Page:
Get ready to spend even more money to live in Manhattan.
The Metropolitan Transportation Authority (MTA) recently released the Central Business District Tolling Program Environmental Assessment (EA for short) for public comment. If you live in New York City and the surrounding areas, you now have the chance to engage with the MTA at a series of public hearings.
In short, the New York State government wants to begin tolling drivers for entering the busy streets of Manhattan. The congestion pricing program was approved in 2019, but President Trump forced a delay in the deal due to inaction. In August 2021, the MTA and the Biden administration agreed to restart the review process, hoping to start implementing congestion tolls by the end of 2023 or early 2024.
The MTA analysis is a hefty tome, but we cherry-picked the highlights that would affect drivers the most.
The basic plan is to implement a congestion charge for drivers who enter Manhattan south of 60th street. This congestion charge will be in addition to the tolls already in place on Manhattan's bridges. The MTA currently lists various options in the assessment, with a charge of $9 during peak hours being the cheapest option. At the most, drivers could potentially pay $23 upon entering the high congestion zone. For commercial vehicles and trucks, the pricing ranges from $12 to $82.
According to the MTA, implementing a congestion charge would reduce car traffic by as much as 20% and truck traffic anywhere between 21% to 81%, depending on what direction the government eventually settles on.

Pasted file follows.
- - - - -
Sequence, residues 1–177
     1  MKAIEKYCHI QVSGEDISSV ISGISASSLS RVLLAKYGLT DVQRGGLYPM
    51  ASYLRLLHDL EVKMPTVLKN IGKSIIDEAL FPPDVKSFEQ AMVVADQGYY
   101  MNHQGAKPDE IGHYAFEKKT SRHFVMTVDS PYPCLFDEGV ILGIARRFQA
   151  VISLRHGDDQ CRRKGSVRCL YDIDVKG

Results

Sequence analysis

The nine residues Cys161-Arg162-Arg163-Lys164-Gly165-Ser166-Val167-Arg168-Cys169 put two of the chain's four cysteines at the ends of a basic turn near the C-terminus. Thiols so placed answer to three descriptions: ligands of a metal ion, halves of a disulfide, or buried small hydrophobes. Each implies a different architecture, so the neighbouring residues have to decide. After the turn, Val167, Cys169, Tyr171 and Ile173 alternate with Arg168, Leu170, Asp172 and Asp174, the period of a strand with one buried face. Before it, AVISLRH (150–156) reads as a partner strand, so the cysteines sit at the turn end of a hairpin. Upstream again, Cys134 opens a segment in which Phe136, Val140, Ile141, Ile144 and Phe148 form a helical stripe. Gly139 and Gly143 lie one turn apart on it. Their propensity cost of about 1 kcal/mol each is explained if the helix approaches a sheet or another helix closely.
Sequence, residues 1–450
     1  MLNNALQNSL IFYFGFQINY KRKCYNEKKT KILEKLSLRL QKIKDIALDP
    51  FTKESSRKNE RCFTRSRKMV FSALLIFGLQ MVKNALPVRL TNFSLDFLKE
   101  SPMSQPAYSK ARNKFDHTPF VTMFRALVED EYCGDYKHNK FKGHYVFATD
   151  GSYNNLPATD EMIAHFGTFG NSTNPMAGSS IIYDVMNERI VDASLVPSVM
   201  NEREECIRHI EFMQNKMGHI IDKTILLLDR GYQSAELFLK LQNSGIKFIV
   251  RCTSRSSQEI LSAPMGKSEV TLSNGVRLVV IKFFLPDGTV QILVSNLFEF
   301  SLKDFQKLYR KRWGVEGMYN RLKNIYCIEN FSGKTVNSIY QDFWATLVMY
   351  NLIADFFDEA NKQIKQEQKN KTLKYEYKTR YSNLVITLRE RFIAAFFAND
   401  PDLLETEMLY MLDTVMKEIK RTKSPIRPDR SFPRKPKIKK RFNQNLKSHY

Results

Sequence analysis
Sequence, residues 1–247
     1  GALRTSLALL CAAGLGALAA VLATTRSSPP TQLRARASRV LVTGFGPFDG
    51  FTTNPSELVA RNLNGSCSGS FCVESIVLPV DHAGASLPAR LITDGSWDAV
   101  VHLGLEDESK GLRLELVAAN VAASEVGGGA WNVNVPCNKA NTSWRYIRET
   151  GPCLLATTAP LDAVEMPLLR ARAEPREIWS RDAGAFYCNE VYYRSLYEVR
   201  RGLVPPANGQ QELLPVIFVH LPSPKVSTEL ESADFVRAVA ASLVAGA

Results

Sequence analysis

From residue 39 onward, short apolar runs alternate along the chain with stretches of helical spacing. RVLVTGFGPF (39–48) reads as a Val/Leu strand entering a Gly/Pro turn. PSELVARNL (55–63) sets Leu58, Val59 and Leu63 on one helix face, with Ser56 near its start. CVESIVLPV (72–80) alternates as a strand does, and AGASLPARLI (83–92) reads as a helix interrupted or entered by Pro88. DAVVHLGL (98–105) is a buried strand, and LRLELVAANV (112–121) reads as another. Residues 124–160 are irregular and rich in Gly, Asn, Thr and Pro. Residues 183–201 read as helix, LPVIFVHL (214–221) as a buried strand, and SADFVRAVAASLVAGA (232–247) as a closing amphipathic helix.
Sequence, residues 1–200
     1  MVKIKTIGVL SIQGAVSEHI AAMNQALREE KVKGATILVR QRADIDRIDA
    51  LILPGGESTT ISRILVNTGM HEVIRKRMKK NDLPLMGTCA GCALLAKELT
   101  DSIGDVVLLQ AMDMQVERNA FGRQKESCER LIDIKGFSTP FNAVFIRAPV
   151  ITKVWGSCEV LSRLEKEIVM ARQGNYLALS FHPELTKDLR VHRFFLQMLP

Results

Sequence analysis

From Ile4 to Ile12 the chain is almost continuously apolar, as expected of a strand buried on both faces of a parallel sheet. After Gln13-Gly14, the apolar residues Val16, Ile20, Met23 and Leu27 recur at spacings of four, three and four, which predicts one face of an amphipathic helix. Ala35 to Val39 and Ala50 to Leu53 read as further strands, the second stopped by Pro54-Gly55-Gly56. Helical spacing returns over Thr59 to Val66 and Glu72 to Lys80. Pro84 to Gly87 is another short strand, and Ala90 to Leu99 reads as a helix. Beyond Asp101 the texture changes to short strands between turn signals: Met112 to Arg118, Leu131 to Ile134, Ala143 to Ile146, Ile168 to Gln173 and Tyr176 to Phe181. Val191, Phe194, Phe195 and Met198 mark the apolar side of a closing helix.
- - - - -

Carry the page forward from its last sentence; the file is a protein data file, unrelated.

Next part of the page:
According to the MTA, the reason for the congestion charge is twofold. First, it will discourage people from driving into Manhattan. Secondly, it will raise roughly $1 billion per year for the MTA, which it will then spend on improving mass transit. The $1 billion will be distributed to the subway and bus system (80%), while the Long Island Rail Road and Metro-North will receive a 10% share each.
Naturally, there will be enormous repercussions for New York's famous taxi drivers. These drivers will be expected to keep paying the $2.50 or $2.75 fee to enter Manhattan, plus the proposed congestion charge. The MTA plans to work with an employment agency to find work for taxi drivers as bus drivers or convert their cars to Access-A-Rice vehicles. What would New York even look like without a sea of yellow Prius and RAV4s?
People who earn less than $60,000 per year will receive a tax credit.
The MTA states that more parking spaces will be available in areas with high congestion and that there will be a massive increase in foot traffic. Manhattan already has a high volume of pedestrians, and the MTA expects that the sidewalks will need to be extended in certain areas.
As you'd expect, this is a highly contentious issue, and the political debate has already started. The governor of New Jersey, Phil Murphy, has already stated that his constituents won't be expected to pay tunnel or bridge tolls and the congestion fee.
The subway system is currently drastically underfunded and is only surviving thanks to government-provided relief funds. Occupancy of the subway system remains 40% below pre-pandemic levels.
After the public hearings, the MTA will provide a final solution to the Federal Highway Administration.